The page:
Summer Reading

I love summer. Have I ever mentioned that before? I love the long days, the green, the cloudless blue skies. I love how the warm makes everyone in Moscow relax all of a sudden. The traffic jams dissipate as everyone clears out to their dachas and people lighten up, like waking up from a nasty dream and realizing, “Hey! I don’t have to be a jerk today!” It’s nice 🙂

One of the other things about Moscow summers is that they can be a bit lonely…or refreshingly quiet, depending on how you look at it! The expat crowd clears out during the summer months, so most our friends are on other continents and there just aren’t a lot of people around or things going on.

This makes for lots of last-minute, surprise get-togethers (as people pass through town). It also makes for lots of quiet.

I’ve been going a bit nuts with library books on my kindle – devouring novels and maxing out my library card. I so enjoy coming home while it’s still light out and reading ’til bedtime while economist husband studies the markets, or taking my lunch break  near one of the city fountains, and getting lost in a book until my 45 minutes are up.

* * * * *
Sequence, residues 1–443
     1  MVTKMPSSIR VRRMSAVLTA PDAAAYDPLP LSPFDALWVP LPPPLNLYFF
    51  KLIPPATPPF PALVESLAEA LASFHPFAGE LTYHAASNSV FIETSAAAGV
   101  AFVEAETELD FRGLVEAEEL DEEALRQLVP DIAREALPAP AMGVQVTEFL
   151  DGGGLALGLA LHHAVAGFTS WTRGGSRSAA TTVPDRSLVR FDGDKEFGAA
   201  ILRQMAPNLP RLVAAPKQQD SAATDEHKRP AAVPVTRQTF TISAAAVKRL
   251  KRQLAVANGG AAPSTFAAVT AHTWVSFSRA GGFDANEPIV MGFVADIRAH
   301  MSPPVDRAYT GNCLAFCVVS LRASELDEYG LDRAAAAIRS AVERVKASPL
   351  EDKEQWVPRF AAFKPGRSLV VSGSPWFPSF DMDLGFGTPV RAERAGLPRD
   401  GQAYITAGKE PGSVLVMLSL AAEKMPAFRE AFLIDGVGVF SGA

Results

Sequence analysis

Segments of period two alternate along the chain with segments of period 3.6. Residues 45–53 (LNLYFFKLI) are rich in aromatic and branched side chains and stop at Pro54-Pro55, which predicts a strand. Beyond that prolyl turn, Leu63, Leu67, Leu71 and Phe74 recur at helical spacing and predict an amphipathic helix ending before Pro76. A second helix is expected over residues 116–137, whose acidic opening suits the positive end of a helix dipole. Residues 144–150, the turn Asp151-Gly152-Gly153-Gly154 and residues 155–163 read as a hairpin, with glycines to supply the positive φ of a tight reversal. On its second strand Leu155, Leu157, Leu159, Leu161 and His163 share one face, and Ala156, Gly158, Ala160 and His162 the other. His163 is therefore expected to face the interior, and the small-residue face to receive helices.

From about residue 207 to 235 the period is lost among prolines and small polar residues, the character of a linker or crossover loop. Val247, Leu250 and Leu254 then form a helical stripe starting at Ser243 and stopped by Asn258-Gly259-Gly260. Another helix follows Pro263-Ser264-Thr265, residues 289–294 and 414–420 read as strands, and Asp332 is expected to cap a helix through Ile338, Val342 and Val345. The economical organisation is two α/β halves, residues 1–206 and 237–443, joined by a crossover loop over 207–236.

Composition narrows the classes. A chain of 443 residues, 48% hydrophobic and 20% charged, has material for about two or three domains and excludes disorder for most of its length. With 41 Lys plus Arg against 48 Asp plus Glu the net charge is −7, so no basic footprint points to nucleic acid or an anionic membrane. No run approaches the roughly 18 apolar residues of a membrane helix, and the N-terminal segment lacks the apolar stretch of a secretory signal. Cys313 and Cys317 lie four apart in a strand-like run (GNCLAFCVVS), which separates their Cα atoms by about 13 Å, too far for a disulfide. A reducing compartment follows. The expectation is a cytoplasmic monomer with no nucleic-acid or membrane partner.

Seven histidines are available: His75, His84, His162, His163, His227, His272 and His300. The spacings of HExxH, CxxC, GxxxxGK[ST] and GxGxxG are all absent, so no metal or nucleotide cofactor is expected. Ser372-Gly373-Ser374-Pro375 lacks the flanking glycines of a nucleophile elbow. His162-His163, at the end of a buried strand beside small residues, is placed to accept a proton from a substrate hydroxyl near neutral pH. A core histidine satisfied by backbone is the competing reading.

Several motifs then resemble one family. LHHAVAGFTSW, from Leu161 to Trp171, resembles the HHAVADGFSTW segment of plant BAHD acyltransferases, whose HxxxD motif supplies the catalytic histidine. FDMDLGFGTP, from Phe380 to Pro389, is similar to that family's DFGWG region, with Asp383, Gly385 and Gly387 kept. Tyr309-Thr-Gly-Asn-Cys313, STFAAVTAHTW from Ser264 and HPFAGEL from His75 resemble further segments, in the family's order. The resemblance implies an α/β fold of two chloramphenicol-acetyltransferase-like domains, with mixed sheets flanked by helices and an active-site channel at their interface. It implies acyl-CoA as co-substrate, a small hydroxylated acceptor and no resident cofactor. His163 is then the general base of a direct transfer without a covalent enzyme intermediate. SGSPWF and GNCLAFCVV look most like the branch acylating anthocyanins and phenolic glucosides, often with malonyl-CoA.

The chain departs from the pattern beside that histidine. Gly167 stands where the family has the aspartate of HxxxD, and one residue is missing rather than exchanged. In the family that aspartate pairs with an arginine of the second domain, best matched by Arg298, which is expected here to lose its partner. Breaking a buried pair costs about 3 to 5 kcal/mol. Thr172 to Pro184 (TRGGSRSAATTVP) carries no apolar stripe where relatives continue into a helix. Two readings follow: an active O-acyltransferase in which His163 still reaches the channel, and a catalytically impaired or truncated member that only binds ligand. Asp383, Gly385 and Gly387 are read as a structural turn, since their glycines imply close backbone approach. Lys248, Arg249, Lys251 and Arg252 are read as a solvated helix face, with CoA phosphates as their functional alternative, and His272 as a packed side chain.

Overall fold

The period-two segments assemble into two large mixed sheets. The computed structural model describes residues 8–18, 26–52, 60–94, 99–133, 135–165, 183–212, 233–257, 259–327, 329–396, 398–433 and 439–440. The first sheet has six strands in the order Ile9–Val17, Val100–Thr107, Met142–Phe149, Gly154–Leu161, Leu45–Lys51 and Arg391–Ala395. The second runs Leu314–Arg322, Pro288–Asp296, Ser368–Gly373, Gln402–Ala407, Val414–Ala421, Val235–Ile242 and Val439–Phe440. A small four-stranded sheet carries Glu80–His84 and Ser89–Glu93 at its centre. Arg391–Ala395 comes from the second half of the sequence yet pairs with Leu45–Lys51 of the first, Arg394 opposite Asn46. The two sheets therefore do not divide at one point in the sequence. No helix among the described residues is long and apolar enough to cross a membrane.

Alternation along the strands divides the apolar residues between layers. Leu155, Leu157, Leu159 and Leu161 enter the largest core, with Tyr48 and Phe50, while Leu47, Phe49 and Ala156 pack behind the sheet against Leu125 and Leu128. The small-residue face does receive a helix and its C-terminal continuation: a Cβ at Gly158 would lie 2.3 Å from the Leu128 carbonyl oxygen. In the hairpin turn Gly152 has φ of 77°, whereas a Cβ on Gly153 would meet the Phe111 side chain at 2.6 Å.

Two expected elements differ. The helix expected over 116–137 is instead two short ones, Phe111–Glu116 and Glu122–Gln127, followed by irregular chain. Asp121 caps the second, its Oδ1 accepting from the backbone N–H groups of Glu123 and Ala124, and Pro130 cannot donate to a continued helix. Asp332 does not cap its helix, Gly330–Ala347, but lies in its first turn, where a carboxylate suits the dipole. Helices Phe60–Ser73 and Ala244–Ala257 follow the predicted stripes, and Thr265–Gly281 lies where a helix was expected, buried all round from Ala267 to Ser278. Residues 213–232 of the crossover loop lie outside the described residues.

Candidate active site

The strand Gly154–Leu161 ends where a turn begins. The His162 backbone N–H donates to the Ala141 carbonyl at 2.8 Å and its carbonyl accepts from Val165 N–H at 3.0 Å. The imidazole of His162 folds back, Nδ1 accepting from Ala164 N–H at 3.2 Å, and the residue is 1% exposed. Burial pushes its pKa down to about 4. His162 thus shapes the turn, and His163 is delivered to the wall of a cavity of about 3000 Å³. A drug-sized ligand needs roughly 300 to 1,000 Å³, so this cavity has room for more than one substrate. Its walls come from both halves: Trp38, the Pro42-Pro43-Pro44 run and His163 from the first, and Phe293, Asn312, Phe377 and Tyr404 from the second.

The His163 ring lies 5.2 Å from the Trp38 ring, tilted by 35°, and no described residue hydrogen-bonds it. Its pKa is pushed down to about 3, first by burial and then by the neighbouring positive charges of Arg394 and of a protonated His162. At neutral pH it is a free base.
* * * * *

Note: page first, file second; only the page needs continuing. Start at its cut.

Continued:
Do you have time to read this summer? What are you reading? Here are a few of my recommendations from recent reads:

  • Columbine: Haunting and fascinating – a journalist attempts to answer the question why Eric Harris and Dylan Klebold massacred their fellow students in 1999. Sheds light on a lot of media and other myths that sprung up following the event that were so stamped on my high school memory.
  • Behind the Beautiful Forevers: Life, Hope and Death in a Mumbai Undercity – another thought-provoking read by a journalist who spent four years hanging out in Mumbai slums, chronicling the daily lives of people there and trying to answer questions about what perpetuates poverty and the effect it has on people. Beautifully written and fascinating.
  • Paris To The Moon: New Yorker writer Adam Gopnik chronicles the years he and his family lived in Paris. He’s a fantastic writer with such a witty, interesting outlook on things. Chapters on everything from politics to food, apartment hunting to fashion shows. An interesting perspective on modern Paris. Highly enjoyable.
  • Dancing on My Grave: This was recommended to me by some ballerina friends here in Moscow. It’s the autobiography of Gelsey Kirkland, a Ballanchine dancer who got addicted to drugs. Dark and a bit surreal, I liked it for the insight behind the scenes into the dance world, and also the perspective on drug addiction.

All for now…

P.S. photo from here

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